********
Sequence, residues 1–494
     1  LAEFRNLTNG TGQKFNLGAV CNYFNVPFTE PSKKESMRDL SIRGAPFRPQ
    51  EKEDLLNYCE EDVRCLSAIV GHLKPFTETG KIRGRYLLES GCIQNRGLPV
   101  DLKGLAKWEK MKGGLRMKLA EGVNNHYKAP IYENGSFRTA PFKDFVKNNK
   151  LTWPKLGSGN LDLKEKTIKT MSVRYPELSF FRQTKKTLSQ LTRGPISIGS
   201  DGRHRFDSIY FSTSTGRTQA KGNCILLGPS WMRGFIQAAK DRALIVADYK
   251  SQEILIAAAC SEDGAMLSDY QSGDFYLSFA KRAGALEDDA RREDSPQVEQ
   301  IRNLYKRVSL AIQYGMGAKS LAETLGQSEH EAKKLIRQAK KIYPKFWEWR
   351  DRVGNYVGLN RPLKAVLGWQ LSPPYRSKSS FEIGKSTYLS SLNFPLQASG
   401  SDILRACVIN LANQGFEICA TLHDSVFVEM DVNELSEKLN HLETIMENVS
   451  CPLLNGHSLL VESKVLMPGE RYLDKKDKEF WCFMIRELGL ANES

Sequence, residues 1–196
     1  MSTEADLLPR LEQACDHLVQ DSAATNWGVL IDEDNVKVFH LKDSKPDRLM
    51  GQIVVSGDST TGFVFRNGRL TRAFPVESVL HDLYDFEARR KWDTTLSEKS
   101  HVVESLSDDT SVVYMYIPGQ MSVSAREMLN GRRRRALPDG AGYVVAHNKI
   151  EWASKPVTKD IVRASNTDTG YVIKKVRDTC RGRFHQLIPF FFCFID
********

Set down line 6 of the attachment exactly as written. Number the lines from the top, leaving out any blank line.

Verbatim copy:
   201  DGRHRFDSIY FSTSTGRTQA KGNCILLGPS WMRGFIQAAK DRALIVADYK